This past weekend Rachel had the opportunity to participate in program full of stars! It was unique because it wasn’t the usual stars. It was the Variety Children’s Charities of Kansas City first Inclusive Theater Camp. I would call it a mini-camp. One of the goals was to allow all the participants to feel like stars. Variety has been in Kansas City for 80 years! Variety chapters are called “tents” and they exist around the country. As far as I know they all do something for or with students with special needs. While the local Variety group works to provide for the needs of individuals ages newborn to 21 with intellectual and physical disabilities, a primary focus for the local chapter has been to assist with mobility issues. Many families have received assistance for the purchase of specialized equipment such as power wheelchairs and bicycles. Variety’s leadership recognized that these children and their families need the opportunity to do the same things as other families. Sometimes they even get to do a little something extra like trips to Royals games and the opportunity to meet players.
We were involved with Variety in Memphis. Since moving to the Kansas City area we’ve gotten to know some of the Variety leadership and Rachel has had the opportunity to participate in some fundraisers and outings.
It is always very humbling for me. Rachel has intelligible speech and does not have mobility issues so our options are far different than many of the other Variety families we meet. Some of the families have shared with me about their children. Some know that their children won’t live long. Their children who are cognitively on target but their muscles are attacked by disease and conditions. Others have children who don’t talk. Their opportunities and options are different than ours.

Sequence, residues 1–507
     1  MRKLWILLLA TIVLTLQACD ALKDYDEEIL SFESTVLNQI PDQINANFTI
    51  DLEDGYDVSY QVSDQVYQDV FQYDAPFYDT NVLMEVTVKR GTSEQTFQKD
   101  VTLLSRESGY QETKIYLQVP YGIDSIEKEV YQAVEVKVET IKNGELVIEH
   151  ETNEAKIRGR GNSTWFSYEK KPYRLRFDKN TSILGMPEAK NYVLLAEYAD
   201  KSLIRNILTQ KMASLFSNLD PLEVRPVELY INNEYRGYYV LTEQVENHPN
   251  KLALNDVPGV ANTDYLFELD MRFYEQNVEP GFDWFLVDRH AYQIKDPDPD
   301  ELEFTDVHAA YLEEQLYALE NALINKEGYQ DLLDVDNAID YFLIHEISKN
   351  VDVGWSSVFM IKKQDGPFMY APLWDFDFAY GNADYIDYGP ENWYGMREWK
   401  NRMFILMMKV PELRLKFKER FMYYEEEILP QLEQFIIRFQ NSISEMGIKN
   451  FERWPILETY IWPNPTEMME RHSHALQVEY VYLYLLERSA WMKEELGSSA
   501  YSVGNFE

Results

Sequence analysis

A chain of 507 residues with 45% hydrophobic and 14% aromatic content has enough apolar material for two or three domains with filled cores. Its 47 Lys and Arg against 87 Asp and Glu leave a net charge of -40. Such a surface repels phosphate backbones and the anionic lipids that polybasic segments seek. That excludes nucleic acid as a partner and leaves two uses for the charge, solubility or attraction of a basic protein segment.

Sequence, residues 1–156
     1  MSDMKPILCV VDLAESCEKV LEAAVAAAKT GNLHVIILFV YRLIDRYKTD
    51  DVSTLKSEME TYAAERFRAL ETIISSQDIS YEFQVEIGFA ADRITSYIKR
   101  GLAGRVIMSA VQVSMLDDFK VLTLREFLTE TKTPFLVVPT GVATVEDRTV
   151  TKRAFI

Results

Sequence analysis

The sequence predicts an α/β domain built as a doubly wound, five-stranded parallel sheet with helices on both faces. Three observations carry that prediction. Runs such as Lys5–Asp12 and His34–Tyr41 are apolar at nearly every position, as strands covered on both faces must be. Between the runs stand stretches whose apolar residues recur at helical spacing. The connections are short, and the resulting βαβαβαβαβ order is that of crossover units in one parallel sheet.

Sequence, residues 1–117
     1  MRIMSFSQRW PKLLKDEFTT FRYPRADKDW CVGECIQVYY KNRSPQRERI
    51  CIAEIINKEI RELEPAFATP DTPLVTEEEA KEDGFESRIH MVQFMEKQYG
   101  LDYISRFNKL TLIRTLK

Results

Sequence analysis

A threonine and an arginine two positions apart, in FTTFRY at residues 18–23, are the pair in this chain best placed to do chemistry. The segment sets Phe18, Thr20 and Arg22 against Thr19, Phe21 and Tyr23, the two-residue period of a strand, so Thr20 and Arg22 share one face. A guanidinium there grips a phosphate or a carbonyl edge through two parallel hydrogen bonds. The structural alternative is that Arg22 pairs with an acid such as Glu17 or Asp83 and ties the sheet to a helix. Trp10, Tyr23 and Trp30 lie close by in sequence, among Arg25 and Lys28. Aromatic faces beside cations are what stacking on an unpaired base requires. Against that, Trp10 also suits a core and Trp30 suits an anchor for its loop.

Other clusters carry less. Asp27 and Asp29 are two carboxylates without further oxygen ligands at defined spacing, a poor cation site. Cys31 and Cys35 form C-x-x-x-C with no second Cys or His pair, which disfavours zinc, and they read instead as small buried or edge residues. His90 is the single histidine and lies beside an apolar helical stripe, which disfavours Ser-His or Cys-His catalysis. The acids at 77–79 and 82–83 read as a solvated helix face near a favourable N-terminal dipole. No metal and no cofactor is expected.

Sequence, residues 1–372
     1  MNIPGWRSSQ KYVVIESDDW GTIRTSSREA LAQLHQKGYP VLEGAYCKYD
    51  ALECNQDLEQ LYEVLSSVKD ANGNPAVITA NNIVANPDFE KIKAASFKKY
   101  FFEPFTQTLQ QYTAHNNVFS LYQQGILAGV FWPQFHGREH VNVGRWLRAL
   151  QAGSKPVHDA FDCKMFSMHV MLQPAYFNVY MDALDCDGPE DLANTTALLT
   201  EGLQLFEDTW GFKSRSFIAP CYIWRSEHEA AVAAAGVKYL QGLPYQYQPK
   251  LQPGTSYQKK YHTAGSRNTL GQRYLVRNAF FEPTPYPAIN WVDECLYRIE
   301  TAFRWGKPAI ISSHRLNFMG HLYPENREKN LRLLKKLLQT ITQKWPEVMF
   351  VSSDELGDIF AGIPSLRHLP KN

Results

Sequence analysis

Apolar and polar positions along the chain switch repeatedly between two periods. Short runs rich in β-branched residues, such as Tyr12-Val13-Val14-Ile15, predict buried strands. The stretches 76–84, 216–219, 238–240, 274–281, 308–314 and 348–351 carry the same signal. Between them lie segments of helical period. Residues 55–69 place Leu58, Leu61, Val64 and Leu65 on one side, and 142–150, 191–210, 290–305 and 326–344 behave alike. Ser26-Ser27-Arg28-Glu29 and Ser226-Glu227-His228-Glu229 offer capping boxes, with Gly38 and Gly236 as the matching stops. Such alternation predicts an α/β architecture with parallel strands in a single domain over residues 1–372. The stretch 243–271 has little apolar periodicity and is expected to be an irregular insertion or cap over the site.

During the camp l was interviewed by Channel 5 KC. I stated that often children with intellectual and physical disabilities are not invited to participate in community activities such as theater in typical environments. Even when they are – sometimes these children and their needs are so misunderstood that it just doesn’t work. Rachel has had many opportunities to be a star but as I sat and watched the finale, I was reminded that most of these children had not had that same opportunity for whatever the reason. I didn’t just watch the children though. I watched their “buddies”.
The buddies were typical kids recruited by Variety and the theater groups who worked on the camp, Spinning Tree Theatre and Stage Right Performing Arts. The buddies were amazing in their own right. They seemed to know how to just be a friend and helped the students as needed. Several of them said at the cast party that they had learned so much and wanted to do it again.
What caught my attention the most was the families. I have seen Rachel on stage – a lot! Several if the directors told me that Rachel was a leader.
So this was her opportunity to demonstrate that – even if her motivation was to be sure everyone got their pizza! This was a first for many of these families. The bright smiles and affection told the story as they saw their children as Stars on the Main Stage for the very first time. The love and devotion in their faces will last me for a long time.
I am so proud that we were included in this inaugural Variety theater camp. What a great way to celebrate 80 years of serving kids with special needs. Thanks Variety for allowing us to be a part. You are stars to us and many other today!